Grace Poe on good governance: 'Make it a norm'
MANILA, Philippines – “Good governance saves lives.”
Speaking at the Asian Forum on Corporate Social Responsibility on Tuesday, September 2, Senator Grace Poe stressed the need for government intervention before, during, and after disasters. She said this is "a prerequisite to national resilience."
Poe called on Filipinos to look at the local governments of Albay and San Francisco of Camotes Island for inspiration. These two are often visited by typhoons, yet are known for their speedy recovery.
The senator praised Albay’s transformation into a “disaster resilient” LGU through community-based efforts and through the leadership of Governor Joey Salceda. (READ: Lessons from Albay after Yolanda)
San Francisco made headlines when it reported zero casualty after Typhoon Yolanda (Haiyan). The town boasts of its “purok” system – developed by former Mayor Alfredo Arquillano Jr – which ensures everyone’s participation in disaster preparedness.
The barangay is the smallest form of government, but it is further divided into puroks. In the system, each purok has a leader and a committee in charge of disaster risk reduction, hence making community organization easier and faster. Poe added the citizens should be able to trust the government, especially during evacuation operations.
She considers Filipinos' optimism as both boon and bane. “Our optimism helps us bounce back, but our high tolerance for lousy service and corruption disables us from having foresight for what’s best for the country.”
Poe wants the entire country to replicate and institutionalize the best practices of Albay and San Francisco. How? “Create a separate national disaster response and management agency, enact the Freedom of Information (FOI) law,” she suggested.
She wants an independent agency with its own experts, budget, and system.
“Our current set-up is inadequate, although they’re doing their best. Make the NDRRMC distinct from the Department of National Defense," she said.
Poe also stressed the need to scrutinize government transactions through an FOI law. “We can have many useful programs if the government spends its money wisely,” she said, and cited the fertilizer fund scam and the PDAF cases as examples.
She argued that an FOI law can also push officials to perform better since government agencies will have to make their archives accessible to the public.
Poe also discussed the importance of food security in achieving national resiliency.
“It’s daunting to be a farmer. You’re at the mercy of nature and of politicians,” she said. “Some of you are averse to government dole-outs, but at this point, we really need to give farmers a boost.”
Poe suggested improving farm-to-market roads, facilities, irrigation, incentives and cooperatives. And again, she said, under an FOI law, the public "can scrutinize what the government is really doing for farmers.”
Poe is also pushing for a national school feeding program. In the existing system, the Department of Education (DepEd) provides a feeding program for malnourished elementary school students, while the Department of Social Welfare and Development (DSWD) targets preschoolers. Poe’s bill, however, proposes free lunch for all public school students, from kindergarten to high school.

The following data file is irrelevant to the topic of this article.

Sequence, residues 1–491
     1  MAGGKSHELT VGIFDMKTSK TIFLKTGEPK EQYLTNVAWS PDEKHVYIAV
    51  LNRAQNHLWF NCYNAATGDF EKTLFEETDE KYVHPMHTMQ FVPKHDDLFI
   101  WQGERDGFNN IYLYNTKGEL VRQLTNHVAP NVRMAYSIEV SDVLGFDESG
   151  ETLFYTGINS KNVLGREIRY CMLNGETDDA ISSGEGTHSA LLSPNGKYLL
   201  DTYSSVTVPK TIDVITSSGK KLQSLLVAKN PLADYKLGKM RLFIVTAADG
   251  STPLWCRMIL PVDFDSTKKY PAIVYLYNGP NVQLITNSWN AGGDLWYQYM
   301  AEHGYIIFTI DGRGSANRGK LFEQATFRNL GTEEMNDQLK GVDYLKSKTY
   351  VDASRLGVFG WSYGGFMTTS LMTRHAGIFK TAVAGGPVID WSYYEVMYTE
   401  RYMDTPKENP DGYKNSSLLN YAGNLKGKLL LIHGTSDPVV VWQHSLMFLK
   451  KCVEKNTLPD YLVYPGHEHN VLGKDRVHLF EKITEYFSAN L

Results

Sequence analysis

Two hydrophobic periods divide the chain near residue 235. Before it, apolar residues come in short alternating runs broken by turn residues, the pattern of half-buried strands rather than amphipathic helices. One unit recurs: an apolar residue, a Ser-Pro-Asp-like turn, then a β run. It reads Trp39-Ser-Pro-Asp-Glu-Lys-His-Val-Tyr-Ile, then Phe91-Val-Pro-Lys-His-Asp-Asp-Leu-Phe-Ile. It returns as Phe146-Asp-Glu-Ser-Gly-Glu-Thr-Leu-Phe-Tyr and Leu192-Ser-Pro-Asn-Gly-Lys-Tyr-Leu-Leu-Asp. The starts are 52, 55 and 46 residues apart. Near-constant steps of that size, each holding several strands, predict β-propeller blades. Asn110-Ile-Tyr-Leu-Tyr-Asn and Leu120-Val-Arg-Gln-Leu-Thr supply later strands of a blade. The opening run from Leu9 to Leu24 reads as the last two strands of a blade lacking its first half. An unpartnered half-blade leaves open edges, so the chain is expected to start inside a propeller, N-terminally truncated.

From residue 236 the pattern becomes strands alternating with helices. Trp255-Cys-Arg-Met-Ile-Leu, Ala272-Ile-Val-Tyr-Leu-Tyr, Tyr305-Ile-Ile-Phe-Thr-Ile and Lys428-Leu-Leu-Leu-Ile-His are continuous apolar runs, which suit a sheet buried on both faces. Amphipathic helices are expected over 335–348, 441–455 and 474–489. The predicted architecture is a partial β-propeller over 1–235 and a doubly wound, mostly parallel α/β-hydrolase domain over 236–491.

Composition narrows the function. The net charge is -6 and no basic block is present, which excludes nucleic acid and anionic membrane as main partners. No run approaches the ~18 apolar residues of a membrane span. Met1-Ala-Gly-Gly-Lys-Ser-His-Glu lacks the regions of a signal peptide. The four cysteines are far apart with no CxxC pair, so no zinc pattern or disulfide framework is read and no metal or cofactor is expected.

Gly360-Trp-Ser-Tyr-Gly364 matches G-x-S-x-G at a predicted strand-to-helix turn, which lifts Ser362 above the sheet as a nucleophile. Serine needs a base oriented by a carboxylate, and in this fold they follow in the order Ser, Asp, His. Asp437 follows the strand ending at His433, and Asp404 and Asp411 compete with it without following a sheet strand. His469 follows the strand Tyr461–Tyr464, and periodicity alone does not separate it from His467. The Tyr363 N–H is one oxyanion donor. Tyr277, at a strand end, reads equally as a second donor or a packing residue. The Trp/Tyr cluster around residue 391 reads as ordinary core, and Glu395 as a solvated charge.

“We won’t have a productive workforce if they’re not properly nourished. I urge you to support the bill.”
She added that the 2015 budget for Deped’s and DSWD’s school feeding programs are already in place. “We need to be optimistic, but also vigilant.”
Poe consulted the Deped, the National Nutrition Council, schools, and the private sector in crafting her bill.
Private sector, MRT
Poe also suggested that the government can learn a lot from the Corporate Social Responsibility (CSR) programs of the private sector.
“We can learn how they do simple, cost-effective programs; unlike the government where it’s bureaucratic,” she said.
Poe highlighted the private sector’s potential in becoming the “main driving force which can propel our country to inclusive growth and sustainable development.” She asked the government and the private sector to work together.
“CSR programs compliment government programs, or even fill its gaps,” she said.
At the Asian Forum, an Indian businessman asked Poe on her thoughts on India’s new law requiring companies to allot 2% of its earnings to CSR programs.
“I feel that we’re already overtaxed,” Poe replied. “To encourage the private sector to do CSRs, the BIR should acknowledge money spent on CSRs. The government shouldn’t impose how businesses use their money. We shouldn’t burden our businesses anymore; instead, provide more incentives so businesses can contribute more in nation building.”
She also expressed support for Senator Sonny Angara’s bill seeking to reduce income tax rates.
During the forum, the issue of the MRT’s poor operations also came up.
“Our biggest barriers? Bad policies and corruption. Cliché, but true. Our public transportation system is quite depressing," said Poe, who rode the train last week to check its state.
Poe said that better MRT operations can help boost workers’ productivity, hence making a “ripple effect” on the entire economy. She also linked the Manila port congestion problem with the inefficient transportation system in the country.
“The congestion of Manila goes back to our problem in transportation. Businesses won’t set up in an area if there are no proper public transportation systems. Government should step up on infrastructure to decongest cities and to entice people to move,” she explained.
At the end of the forum, Poe answered several questions ranging from disasters to transportation. One question, however, drew more noise from the crowd. “When will you run for national office?” asked Washington Sycip, a Ramon Magsaysay Awardee and founder of the Asian Institute of Management.
“I still have a lot to prove and learn. I’m not really planning for it, but thank you for your trust.” – Rappler.com